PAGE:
Why Aoki/Melendez II Is the Biggest Fight in the Lightweight Division
Though not official yet, DREAM is purportedly looking at Gilbert Melendez vs. Shinya Aoki II for the DREAM LW title on New Years Day. If that fight ends up getting made, I believe it will be the biggest Lightweight fight of 2010, or 2011 if you want to get technical, but let‘s grant 2010 an extra day just for the hell of it.
And before you jump all over me, let me state for the record that yes, I know BJ Penn exists and yes, I know he lost this year. Twice, actually. And I’ll get to that. But before I do, let’s take a little trip back through time.
When 2010 began, Shinya Aoki was the consensus No. 2 lightweight in the world. The DREAM lightweight champ had just capped off a three fight win streak by brutally snapping Sengoku champion Mizuto Hirota’s arm and then flipping him the bird afterwards. Oh, and the crowd too. OK, so that wasn’t exactly a proud moment, but it’s possible that it also represented the high water mark for Japan’s biggest MMA star.
Call it Japanese MMA’s “Brock Lesnar” moment. Like Brock at UFC 100, in the long run this may be remembered as Aoki’s defining moment, his biggest night, his high water mark. The analogy is even more fitting because both Brock and Aoki paid for their respective Stone Cold Steve Austin impersonations by falling off a cliff shortly thereafter.
For Brock, karma struck in the form of diverticulitis, a rare form of stomach disease brought on by ingesting too much red meat (only Brock). When he returned against Carwin and Velasquez, he also showed a marked propensity for getting run the f*ck over. OK, he beat Carwin, but it really should read “Win - Deus Ex Machina” on his official record.
But back to Shinya. Fresh off the Hirota maiming, the brash judoka jumped the pond for a match with Melendez to be televised on CBS. This was sure to be Aoki’s coming out party. A chance for him to unify two major Japanese and U.S world titles and make a strong claim to No. 1 lightweight in the world status, all in front of a network TV audience on CBS.
Only it didn’t exactly happen like that.
For 25 minutes, a versatile, conditioned Melendez smashed Aoki in an utter rout. The fight was a slow, tedious affair that saw Melendez control every range and dominate every aspect for a landslide decision win. Gilbert put on a tremendous display of versatility, game planning and guts. “Tobikan Judan” alternated between butt scooting and looking like he wanted to cry in the cage.
Now their roles are reversed, with Melendez sitting as No. 2 and Aoki on the outside of the top five looking in. To his great credit, Aoki has bounced back well from the Melendez loss and has racked up three straight, including wins over Tatsuya Kawajiri and Marcus Aurelio. He’s earned his rematch with Melendez. It’s part of what makes this match so compelling.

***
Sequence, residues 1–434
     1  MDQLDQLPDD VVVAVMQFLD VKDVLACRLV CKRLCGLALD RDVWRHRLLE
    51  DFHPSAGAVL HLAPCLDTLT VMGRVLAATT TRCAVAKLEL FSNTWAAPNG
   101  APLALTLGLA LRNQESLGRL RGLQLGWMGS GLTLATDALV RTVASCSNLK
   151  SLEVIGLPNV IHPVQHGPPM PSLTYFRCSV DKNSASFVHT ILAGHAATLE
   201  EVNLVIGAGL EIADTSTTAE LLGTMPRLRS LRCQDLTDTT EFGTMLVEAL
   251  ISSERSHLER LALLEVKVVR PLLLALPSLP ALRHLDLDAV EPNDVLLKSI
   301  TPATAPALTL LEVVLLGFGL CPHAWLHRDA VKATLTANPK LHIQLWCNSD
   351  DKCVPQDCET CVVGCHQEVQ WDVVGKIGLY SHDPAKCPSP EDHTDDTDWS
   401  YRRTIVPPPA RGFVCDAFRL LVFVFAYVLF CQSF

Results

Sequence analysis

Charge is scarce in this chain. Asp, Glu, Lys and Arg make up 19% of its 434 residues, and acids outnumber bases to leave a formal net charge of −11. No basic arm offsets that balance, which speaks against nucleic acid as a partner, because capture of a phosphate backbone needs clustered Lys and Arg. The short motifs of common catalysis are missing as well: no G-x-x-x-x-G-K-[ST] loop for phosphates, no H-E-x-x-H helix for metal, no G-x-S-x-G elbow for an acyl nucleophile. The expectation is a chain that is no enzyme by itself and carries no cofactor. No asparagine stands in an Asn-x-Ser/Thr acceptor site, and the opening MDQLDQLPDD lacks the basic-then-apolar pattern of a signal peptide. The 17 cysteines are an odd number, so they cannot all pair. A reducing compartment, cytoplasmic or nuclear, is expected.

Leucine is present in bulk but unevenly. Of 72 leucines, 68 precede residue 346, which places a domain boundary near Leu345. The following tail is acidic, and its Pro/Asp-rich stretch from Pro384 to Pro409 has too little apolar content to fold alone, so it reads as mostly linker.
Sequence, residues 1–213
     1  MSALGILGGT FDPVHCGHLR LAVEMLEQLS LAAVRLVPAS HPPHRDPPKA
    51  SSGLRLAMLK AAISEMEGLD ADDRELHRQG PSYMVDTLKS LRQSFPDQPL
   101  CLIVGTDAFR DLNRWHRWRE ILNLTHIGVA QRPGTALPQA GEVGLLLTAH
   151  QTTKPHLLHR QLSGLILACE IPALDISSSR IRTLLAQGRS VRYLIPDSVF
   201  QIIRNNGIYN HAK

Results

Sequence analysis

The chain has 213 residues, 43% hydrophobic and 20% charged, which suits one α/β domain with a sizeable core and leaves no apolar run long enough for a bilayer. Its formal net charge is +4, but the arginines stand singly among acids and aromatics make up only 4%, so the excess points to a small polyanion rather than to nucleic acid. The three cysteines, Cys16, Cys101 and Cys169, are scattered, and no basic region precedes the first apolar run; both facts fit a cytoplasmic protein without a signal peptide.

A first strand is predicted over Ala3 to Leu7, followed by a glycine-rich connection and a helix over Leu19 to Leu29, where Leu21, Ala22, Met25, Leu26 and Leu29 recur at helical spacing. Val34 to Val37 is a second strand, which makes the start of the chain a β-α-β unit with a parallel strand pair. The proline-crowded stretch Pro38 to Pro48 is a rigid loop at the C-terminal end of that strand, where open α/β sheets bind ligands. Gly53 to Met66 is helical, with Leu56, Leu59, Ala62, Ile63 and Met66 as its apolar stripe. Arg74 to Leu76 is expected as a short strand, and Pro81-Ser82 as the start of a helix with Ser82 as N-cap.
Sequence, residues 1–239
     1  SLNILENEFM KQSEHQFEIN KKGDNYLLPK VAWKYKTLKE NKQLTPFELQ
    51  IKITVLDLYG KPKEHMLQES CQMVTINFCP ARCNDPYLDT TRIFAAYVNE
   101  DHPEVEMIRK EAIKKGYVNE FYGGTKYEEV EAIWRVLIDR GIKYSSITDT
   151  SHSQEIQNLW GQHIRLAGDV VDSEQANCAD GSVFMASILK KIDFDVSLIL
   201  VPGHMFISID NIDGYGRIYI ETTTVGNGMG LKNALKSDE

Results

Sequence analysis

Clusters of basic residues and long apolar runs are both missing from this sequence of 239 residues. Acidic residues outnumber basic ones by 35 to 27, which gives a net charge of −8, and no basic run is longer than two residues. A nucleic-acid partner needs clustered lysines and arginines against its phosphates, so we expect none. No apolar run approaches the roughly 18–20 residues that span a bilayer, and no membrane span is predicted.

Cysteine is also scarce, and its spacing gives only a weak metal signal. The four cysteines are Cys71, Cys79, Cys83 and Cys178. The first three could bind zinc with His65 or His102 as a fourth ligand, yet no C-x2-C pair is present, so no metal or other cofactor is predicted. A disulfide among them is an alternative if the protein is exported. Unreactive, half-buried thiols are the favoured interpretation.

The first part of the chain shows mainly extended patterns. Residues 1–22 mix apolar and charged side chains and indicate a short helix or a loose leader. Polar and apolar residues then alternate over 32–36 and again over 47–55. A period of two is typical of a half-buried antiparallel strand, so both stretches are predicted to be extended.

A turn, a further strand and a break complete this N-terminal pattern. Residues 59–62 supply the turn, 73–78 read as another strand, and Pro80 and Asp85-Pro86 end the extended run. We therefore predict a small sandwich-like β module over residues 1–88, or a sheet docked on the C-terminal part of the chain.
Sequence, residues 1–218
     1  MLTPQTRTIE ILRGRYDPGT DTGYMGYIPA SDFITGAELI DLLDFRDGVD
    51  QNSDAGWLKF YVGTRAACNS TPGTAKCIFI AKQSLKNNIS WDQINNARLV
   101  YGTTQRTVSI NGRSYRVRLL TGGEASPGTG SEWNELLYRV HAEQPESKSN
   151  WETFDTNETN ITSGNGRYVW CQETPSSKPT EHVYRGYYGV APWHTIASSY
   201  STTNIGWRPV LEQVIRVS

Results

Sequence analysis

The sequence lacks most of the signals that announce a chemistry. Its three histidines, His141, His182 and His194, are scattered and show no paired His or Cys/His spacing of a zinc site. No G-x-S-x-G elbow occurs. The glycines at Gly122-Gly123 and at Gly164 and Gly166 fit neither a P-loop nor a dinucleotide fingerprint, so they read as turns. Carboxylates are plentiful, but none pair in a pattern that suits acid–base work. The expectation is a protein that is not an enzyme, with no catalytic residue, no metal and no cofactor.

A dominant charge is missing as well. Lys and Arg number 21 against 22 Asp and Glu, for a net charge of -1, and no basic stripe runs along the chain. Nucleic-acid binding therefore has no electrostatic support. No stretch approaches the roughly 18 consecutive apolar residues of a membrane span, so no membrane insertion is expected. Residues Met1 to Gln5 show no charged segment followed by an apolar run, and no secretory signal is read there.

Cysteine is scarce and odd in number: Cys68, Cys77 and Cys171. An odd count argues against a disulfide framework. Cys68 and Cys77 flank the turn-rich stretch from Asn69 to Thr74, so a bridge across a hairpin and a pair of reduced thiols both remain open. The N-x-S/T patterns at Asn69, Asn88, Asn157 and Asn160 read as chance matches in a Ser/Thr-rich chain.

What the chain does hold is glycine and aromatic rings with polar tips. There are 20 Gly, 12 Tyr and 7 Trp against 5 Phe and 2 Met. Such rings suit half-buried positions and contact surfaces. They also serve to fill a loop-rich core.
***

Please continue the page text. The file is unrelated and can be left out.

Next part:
Melendez sits in the same spot rankings wise as Aoki once sat, at No. 2, with an outside shot at making No. 1 with the right win. For Melendez, this shot isn’t even that “outside.” The recent shake-up of the UFC Lightweight division and the crowning of King Frankie has thrown the whole division wide open.
Yes, Frankie Edgar beat BJ Penn twice this year. As a whole, that likely had more of an impact on the sport then Aoki/Melendez II. I would argue, however, that no single fight of the BJ/Frankie series outweighed it in importance or significance.
The first go round, Frankie edged BJ in a razor close split decision in a somewhat slow fight on the worst night of PPV the UFC has ever put on. This fight got ignored in the coverage in a way that shocked even me. Some fans railed against the decision, and most agreed that a motivated BJ would kick Frankie’s butt in the rematch.
Their second fight was an absolute classic. Frankie Edgar silenced every detractor and dominated BJ in a masterful performance. It was truly the fight of his career. Sadly, it was a tiny ray of light dwarfed by a massive, James Toney-shaped shadow.
Together, these bouts represented a seismic shift in the 155 pound landscape. Taken individually, they were big, but never huge. People weren’t talking about Penn/Edgar II like they were talking about Penn/GSP II even though the stakes were arguably higher for Penn in the Edgar rematch.
Does that mean people will be talking about Melendez/Aoki II? Probably not. But no one ever talks about Japanese MMA, so they shouldn’t feel offended. All joking aside, there’s a hell of a lot more on the line in this fight then just casual fan interest.
This is do-or-die for Aoki. In his backyard, in a headline spot on the biggest night of fights in Japan all year, it doesn’t get any bigger then that. For a struggling Japanese MMA scene in desperate need of a marketable home-grown star, Aoki’s destruction (or re-emergence) as a star could have drastic consequences for the future of the sport in the land of Nippon.
Aoki said losing the first Melendez match would make Japan “a colony of American MMA”. Losing the rematch in Japan, I fear, will actually make that statement true. The MMA scene in Japan will certainly be set back, perhaps mortally so. There’s not a lot of names outside of Aoki for them to fall back on unless they plan to keep Sakuraba fighting into his 50’s (knock on wood).
For Melendez, another dominating win gives him a legitimate case for No. 1 Lightweight fighter in the world. Period. No matter who wins the Edgar/Maynard rematch. This fight represents the possibility of a promotion outside the UFC stealing the coveted recognition of “best in the world,” at least among hardcore fans, especially if Melendez can put together a few more wins after this one.
So what’s not on the line in this fight? World titles? Check. National Pride? Check. Pound-for-pound rankings? Check. The future of the sport in both the U.S and Japan? Check and check.
This is the real deal, folks. Aoki.Melendez II is the biggest fight in the Lightweight division.